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Being a high school senior, I’ve faced plenty of back-to-school days, which can be filled with energy and joy of seeing old friends and taking new classes, but also with anxiety of returning to a place filled with need to talk to speak a lot.

The breakout star of World Cup 2014 hands down has been Colombia’s sensation James Rodriguez. Only 22 years old and in his first World Cup, some pro soccer commentators see him as the next superstar.

Congressman Frank Wolf gave a speech on the House floor about the challenges he and other people who stutter face.

Here are two letters we recently received from other countries:

Dr. Alan Rabinowitz, author of the recently released children’s book “A Boy and A Jaguar”,  is one of the world’s leading big cat experts, and has been called ‘The Indiana Jones of Wildlife Conservation’ by TIME Magazine. Alan’s tale is a simple memoir that recounts a lifelong bond between a child who felt “broken” and the animals, especially jaguars, which have informed his life’s work.

In her nationally syndicated column, Miss Manners responds to a question we get all the time… DEAR MISS MANNERS: What is the proper protocol when speaking with someone who has a stutter? Is it considered helpful or rude to assist him in completing a sentence or question?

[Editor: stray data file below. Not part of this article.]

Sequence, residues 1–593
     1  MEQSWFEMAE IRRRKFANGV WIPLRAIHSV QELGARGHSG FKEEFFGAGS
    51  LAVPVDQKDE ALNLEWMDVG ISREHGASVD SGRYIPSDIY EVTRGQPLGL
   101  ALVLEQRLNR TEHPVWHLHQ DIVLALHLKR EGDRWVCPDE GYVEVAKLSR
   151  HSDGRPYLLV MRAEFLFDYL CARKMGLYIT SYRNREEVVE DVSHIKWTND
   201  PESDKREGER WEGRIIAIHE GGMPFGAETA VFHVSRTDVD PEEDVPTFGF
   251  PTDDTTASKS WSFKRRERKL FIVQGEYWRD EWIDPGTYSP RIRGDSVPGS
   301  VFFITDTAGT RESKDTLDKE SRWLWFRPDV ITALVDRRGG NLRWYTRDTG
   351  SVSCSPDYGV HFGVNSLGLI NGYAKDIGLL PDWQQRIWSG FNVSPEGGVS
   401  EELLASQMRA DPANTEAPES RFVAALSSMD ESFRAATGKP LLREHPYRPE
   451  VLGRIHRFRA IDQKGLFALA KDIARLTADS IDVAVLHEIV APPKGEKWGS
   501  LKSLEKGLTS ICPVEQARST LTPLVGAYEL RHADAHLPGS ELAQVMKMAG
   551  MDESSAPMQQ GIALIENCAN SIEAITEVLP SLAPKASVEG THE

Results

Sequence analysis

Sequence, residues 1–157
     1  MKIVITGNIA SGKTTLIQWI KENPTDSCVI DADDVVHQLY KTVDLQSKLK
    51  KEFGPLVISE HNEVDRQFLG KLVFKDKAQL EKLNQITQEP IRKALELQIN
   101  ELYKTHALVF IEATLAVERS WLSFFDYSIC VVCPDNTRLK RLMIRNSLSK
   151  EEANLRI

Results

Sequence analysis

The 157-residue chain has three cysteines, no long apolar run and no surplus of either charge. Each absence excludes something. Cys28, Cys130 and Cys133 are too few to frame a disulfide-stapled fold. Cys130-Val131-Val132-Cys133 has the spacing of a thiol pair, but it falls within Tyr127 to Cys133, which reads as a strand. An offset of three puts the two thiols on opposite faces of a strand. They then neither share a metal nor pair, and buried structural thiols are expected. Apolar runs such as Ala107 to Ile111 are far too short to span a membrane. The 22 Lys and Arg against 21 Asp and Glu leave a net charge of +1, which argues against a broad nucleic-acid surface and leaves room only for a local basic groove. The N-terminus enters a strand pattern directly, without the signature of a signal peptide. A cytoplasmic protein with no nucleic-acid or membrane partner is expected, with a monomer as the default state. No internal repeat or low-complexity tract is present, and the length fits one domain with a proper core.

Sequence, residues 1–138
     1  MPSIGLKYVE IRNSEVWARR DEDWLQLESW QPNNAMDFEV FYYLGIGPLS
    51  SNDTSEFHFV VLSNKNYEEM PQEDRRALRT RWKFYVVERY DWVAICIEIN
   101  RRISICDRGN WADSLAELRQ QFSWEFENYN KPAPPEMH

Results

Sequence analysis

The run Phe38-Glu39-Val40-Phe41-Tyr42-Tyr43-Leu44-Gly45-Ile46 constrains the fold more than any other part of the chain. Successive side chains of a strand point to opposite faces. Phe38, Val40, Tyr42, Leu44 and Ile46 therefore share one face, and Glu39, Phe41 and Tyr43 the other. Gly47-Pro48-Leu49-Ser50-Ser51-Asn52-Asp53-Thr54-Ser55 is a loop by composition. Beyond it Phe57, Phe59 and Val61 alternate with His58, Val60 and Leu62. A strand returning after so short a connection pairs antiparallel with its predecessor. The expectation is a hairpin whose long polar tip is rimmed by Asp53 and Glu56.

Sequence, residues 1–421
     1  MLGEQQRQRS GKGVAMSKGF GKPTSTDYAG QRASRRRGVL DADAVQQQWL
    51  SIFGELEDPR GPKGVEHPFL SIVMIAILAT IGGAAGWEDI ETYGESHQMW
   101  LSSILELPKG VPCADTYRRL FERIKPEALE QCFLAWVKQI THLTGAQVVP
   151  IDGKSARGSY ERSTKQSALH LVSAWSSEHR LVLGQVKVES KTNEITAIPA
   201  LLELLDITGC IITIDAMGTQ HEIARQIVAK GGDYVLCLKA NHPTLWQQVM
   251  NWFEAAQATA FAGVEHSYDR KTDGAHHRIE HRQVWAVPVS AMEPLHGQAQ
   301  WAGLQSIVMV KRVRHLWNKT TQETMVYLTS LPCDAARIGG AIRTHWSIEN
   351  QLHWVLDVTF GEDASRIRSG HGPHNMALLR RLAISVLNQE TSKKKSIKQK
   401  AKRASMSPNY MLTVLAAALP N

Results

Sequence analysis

Laura Jo McKamey passed away in May. She was killed in a car accident when a semi-truck struck her from behind during a “white out” in Montana. She was a graduate of the Stuttering Foundation’s Eastern and Western workshops.

Winfred A. “Buddy” Morgan passed away in June. Buddy, as most people called him, directed and produced many of the Stuttering Foundation’s videos. 

The American Speech-Language-Hearing Association had record attendance at its November convention in Chicago, and the Stuttering Foundation was there to spread the word about stuttering to the nearly 15,000 attendees.

When I was about five years old, I started to stutter badly. It would take me about five minutes to read a sentence. Going to school made me more afraid to speak. High school was a little better because I had teachers who understood me.